Health Insurers Balk at Small Business Reforms

June 5, 2009
Special Feature

Even as health insurance companies promise to support President Obama�s push to provide insurance coverage for the estimated 50 million Americans who are currently uninsured, they have been relatively silent about making changes to the small business market, a category that includes many medical practices.

Even as health insurance companies promise to support President Obama’s push to provide insurance coverage for the estimated 50 million Americans who are currently uninsured, they have been relatively silent about making changes to the small business market, a category that includes many medical practices. About 40% of the nation’s workers are employed by businesses with fewer than 100 employees and some industry observers estimate that about half of the nation’s uninsured are either self-employed or work for a small business that does not provide health insurance.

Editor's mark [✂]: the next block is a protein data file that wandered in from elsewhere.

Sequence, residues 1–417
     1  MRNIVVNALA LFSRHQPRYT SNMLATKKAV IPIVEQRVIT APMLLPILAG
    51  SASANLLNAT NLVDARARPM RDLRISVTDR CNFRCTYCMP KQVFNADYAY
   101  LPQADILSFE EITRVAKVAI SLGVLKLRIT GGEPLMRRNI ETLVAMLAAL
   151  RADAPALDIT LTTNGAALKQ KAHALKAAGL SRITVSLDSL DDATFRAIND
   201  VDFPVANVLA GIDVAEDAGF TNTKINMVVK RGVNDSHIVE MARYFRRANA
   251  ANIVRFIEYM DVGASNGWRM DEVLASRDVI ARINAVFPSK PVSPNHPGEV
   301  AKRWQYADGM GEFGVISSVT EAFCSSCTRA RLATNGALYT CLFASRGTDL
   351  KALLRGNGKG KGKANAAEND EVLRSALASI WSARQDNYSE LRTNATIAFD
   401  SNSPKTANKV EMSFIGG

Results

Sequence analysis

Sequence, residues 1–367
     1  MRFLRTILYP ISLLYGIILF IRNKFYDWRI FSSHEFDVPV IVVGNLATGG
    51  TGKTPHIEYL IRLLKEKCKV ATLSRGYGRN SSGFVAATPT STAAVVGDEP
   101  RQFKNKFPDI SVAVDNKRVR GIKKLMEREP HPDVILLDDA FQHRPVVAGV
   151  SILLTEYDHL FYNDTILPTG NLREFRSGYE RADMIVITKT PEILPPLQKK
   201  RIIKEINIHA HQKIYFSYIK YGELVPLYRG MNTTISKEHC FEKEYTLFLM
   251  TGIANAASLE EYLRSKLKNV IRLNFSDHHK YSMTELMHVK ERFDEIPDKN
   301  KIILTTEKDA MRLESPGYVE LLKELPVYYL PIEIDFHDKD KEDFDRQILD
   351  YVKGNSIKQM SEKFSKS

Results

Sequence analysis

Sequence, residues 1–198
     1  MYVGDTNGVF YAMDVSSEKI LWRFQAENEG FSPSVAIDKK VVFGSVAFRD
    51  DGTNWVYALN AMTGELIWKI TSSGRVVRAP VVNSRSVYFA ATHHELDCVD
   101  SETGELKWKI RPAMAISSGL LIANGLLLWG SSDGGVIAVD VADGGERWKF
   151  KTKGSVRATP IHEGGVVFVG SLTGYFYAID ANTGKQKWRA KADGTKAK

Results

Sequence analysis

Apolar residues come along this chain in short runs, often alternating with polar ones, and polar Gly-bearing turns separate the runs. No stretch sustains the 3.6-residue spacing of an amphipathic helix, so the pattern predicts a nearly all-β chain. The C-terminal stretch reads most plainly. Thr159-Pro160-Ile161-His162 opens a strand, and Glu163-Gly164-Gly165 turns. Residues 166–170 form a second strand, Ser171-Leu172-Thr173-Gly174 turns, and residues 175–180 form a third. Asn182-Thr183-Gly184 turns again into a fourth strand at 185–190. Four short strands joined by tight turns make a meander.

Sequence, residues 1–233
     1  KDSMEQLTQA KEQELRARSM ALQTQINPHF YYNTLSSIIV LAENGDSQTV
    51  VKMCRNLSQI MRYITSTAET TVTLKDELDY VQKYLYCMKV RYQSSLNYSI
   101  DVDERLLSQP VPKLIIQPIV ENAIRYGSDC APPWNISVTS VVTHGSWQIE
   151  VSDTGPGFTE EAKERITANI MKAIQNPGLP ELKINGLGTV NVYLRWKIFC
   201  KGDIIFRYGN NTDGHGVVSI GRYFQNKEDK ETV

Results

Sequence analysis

Health insurers have promised to loosen their underwriting criteria for individuals, selling them policies without regard to pre-existing conditions, and to stop basing premiums on an applicant’s health status. So far, those promises have not been extended to the small business market, which is a prime profit center for insurers. For small-business owners, however, rising insurance costs have forced them into some unpleasant choices: asking employees to foot a bigger portion of the insurance premium, cutting back on insurance coverage, or dropping insurance entirely.

Unlike big companies, many of which are self-insured, small businesses buy coverage like individuals do and have similar problems. Insurers may try to avoid covering likely health risks and often base premiums on arcane underwriting rules that differ from state to state. Many small business owners claim that this hodge-podge system makes the small business market dysfunctional and they see it as an issue that must be addressed if true health insurance reform is to be achieved.